Review Summary: Because life is too short to live without poetry
Frank Turner has come a long way since his days fronting England's premier turn of the millennium post-hardcore band Million Dead. His 2007 solo debut Sleep is for the Week
was just a glimpse of things to come. While it occasionally stumbled, Frank's Braggian tales of politics, family and nights spent drinking (and the consequences of) were bursting at the seams with potential. That potential was realized on 2008's Love Ire & Song
. On Love Ire & Song
, Turner fine tuned his charming wit and lyrical depth into a boisterous folk record that brilliantly exclaimed that while the optimistic care free days of youth may be gone and have been replaced the malaise and apathy of knowing that the real world doesn't work exactly how you wish it should, that doesn't mean that the best days of your life have passed you by (if you are willing to put in a little effort that is).
Ever the workaholic, Poetry of the Deed
is Frank Turner's third album in three years. Stylistically, not much has changed from last year's Love Ire & Song
. His instantly likable folk-rock jaunts still retain their infectiously hummable qualities, begging for the stage and the inevitable audience sing-alongs of a live setting. The only major change is the new found presence of Frank's backing band. On his previous works his band was only there to act as a needed supplement to his voice and guitar, but on Poetry of the Deed
they are liberated from their backing position giving songs like “Live Fast Die Old” and the title track a feel reminiscent to the Hold Steady. Even on the Celtic gambol of “Sons of Liberty” and the laid back singer-songwriter soft rock of “The Fastest Way Back Home” Frank's band propels the songs to new heights.
Following in the tradition of everything else he's done, Frank Turner's lyrics on Poetry of the Deed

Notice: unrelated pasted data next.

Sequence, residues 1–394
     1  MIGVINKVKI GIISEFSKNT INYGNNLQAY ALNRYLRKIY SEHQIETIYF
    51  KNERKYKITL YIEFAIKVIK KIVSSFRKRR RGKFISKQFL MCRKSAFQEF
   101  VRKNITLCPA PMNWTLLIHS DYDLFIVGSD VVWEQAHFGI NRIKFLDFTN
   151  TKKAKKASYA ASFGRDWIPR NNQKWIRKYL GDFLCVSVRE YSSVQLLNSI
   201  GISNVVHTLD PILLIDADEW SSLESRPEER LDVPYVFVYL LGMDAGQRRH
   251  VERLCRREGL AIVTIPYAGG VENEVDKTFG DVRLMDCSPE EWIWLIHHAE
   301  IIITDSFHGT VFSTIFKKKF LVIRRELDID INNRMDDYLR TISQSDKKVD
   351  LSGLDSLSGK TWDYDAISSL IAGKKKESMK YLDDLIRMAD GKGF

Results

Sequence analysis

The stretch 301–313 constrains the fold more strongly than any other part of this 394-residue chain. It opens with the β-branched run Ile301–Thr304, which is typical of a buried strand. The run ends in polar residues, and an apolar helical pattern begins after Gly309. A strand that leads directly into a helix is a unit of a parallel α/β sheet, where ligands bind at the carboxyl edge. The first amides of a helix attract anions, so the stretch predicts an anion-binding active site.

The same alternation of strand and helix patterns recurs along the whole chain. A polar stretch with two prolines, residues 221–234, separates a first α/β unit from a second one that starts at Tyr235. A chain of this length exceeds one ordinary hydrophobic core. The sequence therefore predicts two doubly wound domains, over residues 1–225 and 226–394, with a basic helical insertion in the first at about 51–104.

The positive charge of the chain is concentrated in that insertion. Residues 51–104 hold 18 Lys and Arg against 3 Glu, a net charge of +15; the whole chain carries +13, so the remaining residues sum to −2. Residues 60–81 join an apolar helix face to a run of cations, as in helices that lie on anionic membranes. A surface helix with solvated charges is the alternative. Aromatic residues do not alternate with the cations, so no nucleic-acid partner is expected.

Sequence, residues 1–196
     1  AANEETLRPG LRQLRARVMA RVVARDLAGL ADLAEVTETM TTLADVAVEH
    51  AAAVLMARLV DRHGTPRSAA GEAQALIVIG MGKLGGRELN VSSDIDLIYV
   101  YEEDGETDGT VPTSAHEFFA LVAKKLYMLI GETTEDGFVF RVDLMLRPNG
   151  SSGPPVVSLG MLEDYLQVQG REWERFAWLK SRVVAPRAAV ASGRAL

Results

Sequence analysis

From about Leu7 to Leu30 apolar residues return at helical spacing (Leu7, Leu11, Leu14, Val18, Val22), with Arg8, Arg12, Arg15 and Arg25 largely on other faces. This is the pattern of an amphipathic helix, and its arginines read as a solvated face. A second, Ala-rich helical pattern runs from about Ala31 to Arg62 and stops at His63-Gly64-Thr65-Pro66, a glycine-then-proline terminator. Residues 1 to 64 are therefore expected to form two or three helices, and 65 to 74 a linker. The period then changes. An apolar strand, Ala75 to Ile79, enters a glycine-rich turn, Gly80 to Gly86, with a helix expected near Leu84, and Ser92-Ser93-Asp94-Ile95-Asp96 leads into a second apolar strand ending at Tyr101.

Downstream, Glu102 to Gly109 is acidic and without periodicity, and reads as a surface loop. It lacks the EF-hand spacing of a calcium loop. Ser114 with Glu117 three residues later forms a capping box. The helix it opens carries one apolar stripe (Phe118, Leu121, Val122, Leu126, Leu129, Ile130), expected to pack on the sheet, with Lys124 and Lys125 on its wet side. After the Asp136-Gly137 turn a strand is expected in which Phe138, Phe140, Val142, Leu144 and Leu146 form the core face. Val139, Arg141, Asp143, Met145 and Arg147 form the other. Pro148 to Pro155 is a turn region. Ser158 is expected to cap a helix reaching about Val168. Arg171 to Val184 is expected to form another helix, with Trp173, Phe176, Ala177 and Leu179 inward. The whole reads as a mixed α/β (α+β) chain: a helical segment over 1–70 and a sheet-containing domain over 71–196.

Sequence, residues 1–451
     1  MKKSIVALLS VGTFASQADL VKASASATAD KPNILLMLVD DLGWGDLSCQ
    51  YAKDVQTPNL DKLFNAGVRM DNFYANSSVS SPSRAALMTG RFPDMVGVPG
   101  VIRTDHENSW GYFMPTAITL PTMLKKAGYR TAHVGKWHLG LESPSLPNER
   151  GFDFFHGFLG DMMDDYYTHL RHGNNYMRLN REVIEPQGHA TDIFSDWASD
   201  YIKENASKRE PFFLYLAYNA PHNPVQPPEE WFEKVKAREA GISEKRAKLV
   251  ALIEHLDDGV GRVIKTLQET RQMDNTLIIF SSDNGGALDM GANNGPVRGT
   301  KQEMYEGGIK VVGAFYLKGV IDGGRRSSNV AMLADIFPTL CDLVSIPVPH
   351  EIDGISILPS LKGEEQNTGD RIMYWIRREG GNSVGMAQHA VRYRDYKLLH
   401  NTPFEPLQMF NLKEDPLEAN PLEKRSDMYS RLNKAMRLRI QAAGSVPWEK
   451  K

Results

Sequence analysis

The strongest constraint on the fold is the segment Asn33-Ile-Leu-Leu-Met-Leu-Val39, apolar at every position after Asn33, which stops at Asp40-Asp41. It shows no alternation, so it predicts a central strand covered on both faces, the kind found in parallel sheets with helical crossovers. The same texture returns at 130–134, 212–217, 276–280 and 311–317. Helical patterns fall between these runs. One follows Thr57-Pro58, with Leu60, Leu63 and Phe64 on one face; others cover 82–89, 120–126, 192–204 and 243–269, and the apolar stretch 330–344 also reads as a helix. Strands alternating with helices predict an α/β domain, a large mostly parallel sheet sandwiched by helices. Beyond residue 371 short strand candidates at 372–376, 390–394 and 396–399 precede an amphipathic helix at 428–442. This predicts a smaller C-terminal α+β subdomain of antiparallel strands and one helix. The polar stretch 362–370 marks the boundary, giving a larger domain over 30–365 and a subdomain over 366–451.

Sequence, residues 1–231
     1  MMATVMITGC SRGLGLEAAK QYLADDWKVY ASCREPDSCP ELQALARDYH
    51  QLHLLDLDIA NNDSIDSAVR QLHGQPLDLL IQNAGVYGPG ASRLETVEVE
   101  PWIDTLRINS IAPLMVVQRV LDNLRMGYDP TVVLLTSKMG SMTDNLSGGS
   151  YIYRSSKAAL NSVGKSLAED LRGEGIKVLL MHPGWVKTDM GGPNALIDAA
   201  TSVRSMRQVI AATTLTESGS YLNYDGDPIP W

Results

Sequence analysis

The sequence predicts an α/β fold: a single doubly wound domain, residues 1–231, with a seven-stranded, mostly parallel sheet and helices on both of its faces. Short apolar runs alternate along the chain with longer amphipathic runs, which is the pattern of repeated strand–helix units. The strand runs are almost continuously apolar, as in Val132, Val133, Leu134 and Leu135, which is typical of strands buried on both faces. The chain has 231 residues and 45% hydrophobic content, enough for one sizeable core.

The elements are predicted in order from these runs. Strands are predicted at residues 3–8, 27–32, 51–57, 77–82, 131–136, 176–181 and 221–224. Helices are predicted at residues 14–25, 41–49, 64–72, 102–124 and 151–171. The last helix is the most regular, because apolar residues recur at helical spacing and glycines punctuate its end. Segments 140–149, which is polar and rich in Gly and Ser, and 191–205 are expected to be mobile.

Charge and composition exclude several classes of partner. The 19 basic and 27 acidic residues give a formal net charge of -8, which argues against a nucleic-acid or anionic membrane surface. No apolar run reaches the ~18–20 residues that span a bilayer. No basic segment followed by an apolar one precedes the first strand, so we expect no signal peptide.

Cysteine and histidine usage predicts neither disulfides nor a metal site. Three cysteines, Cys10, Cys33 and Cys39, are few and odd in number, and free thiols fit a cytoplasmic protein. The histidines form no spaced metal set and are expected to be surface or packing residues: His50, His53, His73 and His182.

are top notch. “Dan's Song” is an ode to friendship that beams with Turner's endearing existential questioning of the merits of adulthood. “Well work weeks make us weary/School's a distant memory/And it's easy to ask questions of ourselves/ Like where it is we're going?”, his easily relateable prose is almost comforting. Frank only adds to his charm on the energetic DIY manifesto “Try this At Home” as he proclaims that there's “no such thing as rock stars/ they're just people who play music/ and some of them are just like us/ and some of them are dicks...” before saying that his fans can do better than “some half arsed English country singer.” Given his punk rock pedigree, it's no surprise that the climax of Poetry of the Deed
is the highly politicized “Sons of Liberty”. A rallying call against trading liberty for the illusion of safety, Turner's eloquent yet vitriolic verses explode into a triumphant battle cry.
The only real downside to Poetry of the Deed
lies in its familiarity. All of Turner's releases have followed the same basic make up of a rocking number here, a ballad there, an obligatory political song towards the middle, and then some slower numbers to close out the album. Poetry of the Deed
is no exception. This makes the album a predictable listen to anyone who has heard Love Ire & Song
or Sleep is for the Week
As someone who resides in Los Angeles, I'm not up to date on Frank Turner's prominence in his native England, but I can speak from experience on his rising status in the States. 2009 has been good to Frank stateside. After completing a short headlining run with Look Mexico that saw him performing at Austin's South By Southwest festival earlier this year, he's since signed with Epitaph, opened for the Offspring, and this fall he'll be touring with The Gaslight Anthem. All a far cry from only a year ago, when this reviewer saw him play a matinee show at the Echo in Hollywood to a crowd of no more than 10 people. Now that he finally has some label backing here in the states, it looks like The Poetry of the Deed
should finally be the album that gets the lively Brit the attention he deserves.